Are you able to visit either your local library or bookstore before making a purchase?  Sometimes that helps b/c it allows you to see exactly what you are going to get before ordering.  Of course, they may not have as good of a selection as Amazon, but it will allow you to preview the book.

I tend to like clean styles. Not too fussy or cluttered. I have only used fondant once, and I couldn't pipe the buttercream for love nor money - but I'm blaming that on the buttercream. :wink: I certainly will check out the library/bookstore. I rarely buy anything with out doing so, as shelf space is limited.

I'm interested more in techniques and how-to and ideas than in recipes. And lots of pictures.

I'll be checking out the titles posted above, but keep 'em coming. Thanks.

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Ok, here are just a few... :biggrin:

Colette Peters - Cakes to Dream On

I dont own this book, but I have heard lots of great things about it. This is her latest book. She also has a few other books that might be better suited for a beginner. Colette Peters - The Art of Cake Decorating

Whimsical Bakehouse

Toba Garrett - The Well Decorated Cake

International Book of Sugarcraft This is an older book, but it contains lots of techniques.

Other cake artists...

Debbie Brown

Lindy Smith

You can also check out www.cakecentral.com.

Good luck. :biggrin:

Edited by BROWNSUGA (log)
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In The Sweet Kitchen by Regan Daley is an incredible resource for a baker. It is like a textbook, covering the chemistry of baking, flavour matching, the role of each ingredient, and more. The second half of the book is filled with fantastic recipes. I can not say enough good things about this book.

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If you're interested in ideas and lots of pictures, not much into buttercream and aren't really looking for recipes, you'd definately be interested in books by Lindy Smith, Debbie Brown and Carol Deacon.

If you want to start a little easier, go with Carol Deacon. She has lots of cute ideas, with instructions in pictures to walk you through it every step of the way. It definately works. I have 'two hour party cakes' and like it a lot.

Lindy Smith has cute ideas too, but the queen of fondant is Debbie Brown without a doubt. THe instructions in her books are extended, in pictures, and very detailed and precise, and you can make the most incredible and amazing cakes if you like doing things like that and have patience, because you need to be prepared to be spending hours over a cake that will wow the whole neighborhood ;o). I like her book with the cartoon cakes best, but party cakes is more beginnerish.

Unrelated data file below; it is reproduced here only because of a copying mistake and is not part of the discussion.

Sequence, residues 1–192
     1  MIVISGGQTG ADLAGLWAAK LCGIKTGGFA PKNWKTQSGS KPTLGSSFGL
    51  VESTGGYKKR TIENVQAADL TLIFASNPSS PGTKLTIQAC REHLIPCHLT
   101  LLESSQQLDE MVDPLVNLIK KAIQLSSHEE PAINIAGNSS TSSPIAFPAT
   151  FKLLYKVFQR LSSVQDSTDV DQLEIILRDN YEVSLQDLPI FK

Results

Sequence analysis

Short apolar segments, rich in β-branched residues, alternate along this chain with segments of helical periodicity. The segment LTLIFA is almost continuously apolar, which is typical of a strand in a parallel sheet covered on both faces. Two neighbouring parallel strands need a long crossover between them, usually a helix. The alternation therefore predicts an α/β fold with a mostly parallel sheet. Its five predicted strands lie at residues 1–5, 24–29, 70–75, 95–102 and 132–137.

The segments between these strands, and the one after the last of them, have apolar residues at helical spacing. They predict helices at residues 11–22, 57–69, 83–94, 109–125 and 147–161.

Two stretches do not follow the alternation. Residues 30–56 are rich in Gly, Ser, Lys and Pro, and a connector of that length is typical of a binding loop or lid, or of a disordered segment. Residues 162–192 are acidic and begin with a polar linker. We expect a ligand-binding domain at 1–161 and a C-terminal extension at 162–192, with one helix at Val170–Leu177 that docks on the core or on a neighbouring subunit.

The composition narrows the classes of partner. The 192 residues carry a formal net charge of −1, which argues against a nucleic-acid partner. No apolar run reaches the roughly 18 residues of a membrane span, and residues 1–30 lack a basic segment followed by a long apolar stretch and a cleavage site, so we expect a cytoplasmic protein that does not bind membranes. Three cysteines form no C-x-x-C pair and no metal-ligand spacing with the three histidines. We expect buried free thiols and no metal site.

If you're into modelling figurines and animals and the like, to use on cakes, refer to Maisie Parrish. Again, lots of time and patience needed, but a great resource if you're seriously into modelling.

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One of my favorites, not for recipes, but for the decorating ideas and good pictures of them, is Dede Wilson's The Wedding Cake Book. I tried a couple of the recipes, and they weren't very good, but the details on structure and how to transport are very helpful. The Cake Bible and The Perfect Cake by Susan G. Purdy are the books I pick up most often when I need recipes.

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I just received Wild Sweets by Dominique and Cindy Duby. It looks like I have some real reading on my hands. Lots of cool ideas.

It is good to be a BBQ Judge.  And now it is even gooder to be a Steak Cookoff Association Judge.  Life just got even better.  Woo Hoo!!!

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If you are into making cakes, I heartily concur with the previous recs for RLB's Cake Bible. It is, just that.

A newer book which I have begun recommending to people is Sherry Yard's Secrets of Baking. Actually, it is the book I had in my mind to write. It is laid out differently than most others, in that each chapter starts with a master recipe, and then explains and builds upon/does spin-off variations. (a caramel chapter, a chocolate chapter, a vanilla sauce, etc) It is well conceived, well written, and truly replaces confusion and mystery with understanding and confidence. Sherry Yard is a talented pc, and her techniques are sound, her recipes tried and true, and results delicious.

I like to cook with wine. Sometimes I even add it to the food.

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Marmish, have you seen this thread? I highly reccomend Chocolate Desserts by Pierre Herme, written by Dorie Greenspan. You can'/won't regret it.........plus you can read our thread and see how others have done, even get other members advice.

P.S. The Duby book, is definately NOT for beginners, not for all pro's either. I don't think Marmish is ready for that book based on the other titles she says she owns.

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Without any doubt: Professional Pastry Chef (vol 1&2) by Bo Friberg.

I am not a chef but a home cook.  Most recipes can be done at home with no problem, specially in vol 1.

Hermé's books are also very good

Don't forget the other book, The New Professional Chef.

I also like:

Julia and Jacques: Cooking at Home

Death by Chocolate

Dessert Circus